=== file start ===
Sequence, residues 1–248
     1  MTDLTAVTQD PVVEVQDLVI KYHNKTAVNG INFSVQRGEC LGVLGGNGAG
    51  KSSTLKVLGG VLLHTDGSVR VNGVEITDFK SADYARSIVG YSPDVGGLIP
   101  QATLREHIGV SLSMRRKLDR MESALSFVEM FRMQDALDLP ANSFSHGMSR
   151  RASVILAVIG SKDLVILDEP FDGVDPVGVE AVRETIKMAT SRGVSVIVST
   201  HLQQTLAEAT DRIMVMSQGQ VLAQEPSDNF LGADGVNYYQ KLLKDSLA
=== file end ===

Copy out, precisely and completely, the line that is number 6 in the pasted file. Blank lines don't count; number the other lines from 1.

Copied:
   201  HLQQTLAEAT DRIMVMSQGQ VLAQEPSDNF LGADGVNYYQ KLLKDSLA